Cast: Bobby Deol, Dwij Yadav
Direction: Samir Karnik
Really, it’s enough to blow your pressure cooker. His novella is actually awarded the International Booker. Yup, the same literary prize snagged in recent years by Kiran Desai, Arundhati Roy and the patriarch-turned-prose-genius Amitabh Bachchan in Baghbaan. What a yarn!
The new winner is Vikram Singh aka Nanhe Jaisalmer, directed and written (oh oh, what about those allegations of snitching by another writer?) by Samir Karnik. Kyun controversy ho gaya naa?
Alas, there’s nothing remotely literary or controversial about what you eventually sample in this flashbuk-buk by Vicky Singh. No zing, Vicks just catches hold of a shocked electrician at a hotel’s banquet hall to narrate his memoir. Hmm, it’s about a camel-riding Rajasthan tourist guide kiddo (Dwij Yadav) who looks as if he’d be happier at home playing Ludo. Eeeps.
Anyway, the 10-year-old desert boy knows a smattering of French, German, Latin and fenugreek. Snag: he’s uneducated in ka-kha-ga-gha and so goes duh-duh. This despite the militant attempts of his morose mum, didi and a heftier version of Gayatri Devi, to make him attend night school. Incidentally, this masti ki paathshala is populated by an ancient gent who goes haw-haw-haw and dear old Sharat Saxena who keeps drinking from quarter bottles of rum? Life’s glum.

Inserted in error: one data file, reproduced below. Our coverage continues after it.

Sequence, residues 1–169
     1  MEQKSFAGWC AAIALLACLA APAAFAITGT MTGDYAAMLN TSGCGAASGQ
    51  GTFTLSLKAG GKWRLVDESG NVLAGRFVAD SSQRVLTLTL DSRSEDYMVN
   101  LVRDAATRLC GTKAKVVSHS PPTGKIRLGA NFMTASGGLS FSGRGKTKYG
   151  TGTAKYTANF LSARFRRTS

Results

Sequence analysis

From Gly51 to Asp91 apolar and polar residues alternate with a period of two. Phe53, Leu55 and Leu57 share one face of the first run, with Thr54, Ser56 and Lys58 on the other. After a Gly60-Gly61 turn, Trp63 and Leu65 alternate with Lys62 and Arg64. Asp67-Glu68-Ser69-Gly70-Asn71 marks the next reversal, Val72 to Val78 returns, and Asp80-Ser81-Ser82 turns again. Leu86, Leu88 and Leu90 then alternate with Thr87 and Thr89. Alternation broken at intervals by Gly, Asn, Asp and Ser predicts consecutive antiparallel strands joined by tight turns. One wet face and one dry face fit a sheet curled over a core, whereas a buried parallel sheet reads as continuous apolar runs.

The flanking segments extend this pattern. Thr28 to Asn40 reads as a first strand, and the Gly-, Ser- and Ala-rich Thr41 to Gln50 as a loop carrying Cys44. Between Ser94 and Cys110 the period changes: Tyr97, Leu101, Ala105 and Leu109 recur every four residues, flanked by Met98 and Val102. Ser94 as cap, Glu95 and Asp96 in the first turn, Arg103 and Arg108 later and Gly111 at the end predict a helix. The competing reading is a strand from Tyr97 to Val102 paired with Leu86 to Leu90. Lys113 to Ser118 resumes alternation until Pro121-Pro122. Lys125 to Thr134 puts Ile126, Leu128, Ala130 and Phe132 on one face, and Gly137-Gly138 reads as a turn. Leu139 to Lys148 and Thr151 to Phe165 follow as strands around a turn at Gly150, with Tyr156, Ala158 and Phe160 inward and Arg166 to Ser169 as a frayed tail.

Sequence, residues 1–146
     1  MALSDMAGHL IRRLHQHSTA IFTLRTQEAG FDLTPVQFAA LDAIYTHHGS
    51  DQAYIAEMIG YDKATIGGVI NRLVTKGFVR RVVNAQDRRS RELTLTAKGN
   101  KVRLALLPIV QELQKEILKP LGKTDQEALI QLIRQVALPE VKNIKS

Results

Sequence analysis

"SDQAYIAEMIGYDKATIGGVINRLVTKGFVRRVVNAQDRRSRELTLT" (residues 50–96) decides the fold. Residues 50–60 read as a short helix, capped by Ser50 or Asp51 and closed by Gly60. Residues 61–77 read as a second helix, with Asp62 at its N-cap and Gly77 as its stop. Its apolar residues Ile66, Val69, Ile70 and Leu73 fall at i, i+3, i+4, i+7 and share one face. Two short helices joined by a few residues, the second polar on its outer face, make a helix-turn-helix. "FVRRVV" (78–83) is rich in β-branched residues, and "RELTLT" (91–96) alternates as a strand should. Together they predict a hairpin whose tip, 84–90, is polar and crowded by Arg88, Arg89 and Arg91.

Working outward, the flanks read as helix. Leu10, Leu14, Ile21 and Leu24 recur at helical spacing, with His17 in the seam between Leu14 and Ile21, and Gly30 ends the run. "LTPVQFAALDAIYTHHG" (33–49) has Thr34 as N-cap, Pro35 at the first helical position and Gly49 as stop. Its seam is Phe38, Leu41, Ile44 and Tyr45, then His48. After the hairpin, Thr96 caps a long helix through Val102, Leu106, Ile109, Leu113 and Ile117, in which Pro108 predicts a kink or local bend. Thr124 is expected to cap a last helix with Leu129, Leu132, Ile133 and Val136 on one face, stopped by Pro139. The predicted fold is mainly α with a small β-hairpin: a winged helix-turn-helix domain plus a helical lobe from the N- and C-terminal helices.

<b1>But there’s a tinsel lining. Camel boy is Asia’s biggest ceiling fan of Bobby Deol the actor (played by Bobby Deol the actor).
Next: you’re subjected to teasers from Abby-Mustan’s Soldier; the kid claps, whistles and generally goes berserk till Bobby D shows up in person. Gratifyingly, the bonhomie between the two is life-affirming. How wonderful – a star and a desert boy actually bond as equals! Sweet.
If only Karnik’s writing had developed this emotional aspect of an otherwise gaga screenplay. Alas, there’s something much too gratuitous about the kid giving up his gutka chewing habit, beating up a junior Gulshan Groverish bully, exhuming his fear of mice (how nice?), becoming an exemplary scholar and heavens, growing up to become a purely wooden Vatsal Seth (from the forgotten Tarzan The Blunder Car or something). Oof. And for the last straw, there’s that cracko-wacko Booker acceptance speech. Please!
Like it or not, the boy is even turned into a stereotyped angry child-man, what with the Deewar-like humiliating tattoo emblazoned on his hand. Surely, Karnik could have stressed upon the innocence and guilelessness of the boy instead of making him a cross between Bachchan and Guddi. Oh well.
If you don’t sprint out of the auditorium, it’s only because of the emphasis placed on the need for a national literacy programme (girl children are conspicuous by their absence though).
Plus, Dwij Yadav is endearing; the child has the most fluroscent smile since Madhuri Dixit’s. Bobby Deol, too, invests a glowingly warm quality to his part, almost as if he were reliving moments with his own son.
On the debit side, Binod Pradhan’s cinematography of the magnificent Jaisalmer vistas are ordinary. Himesh Reshammiya’s music is unhummable. And the direction relies far too much on swooping crane shot takings.
Bottomline: this odd enterprise is neither a children’s film nor an entertainer for spectators of all ages. It’s not worth losing your pressure cooker for its bizarre Booker.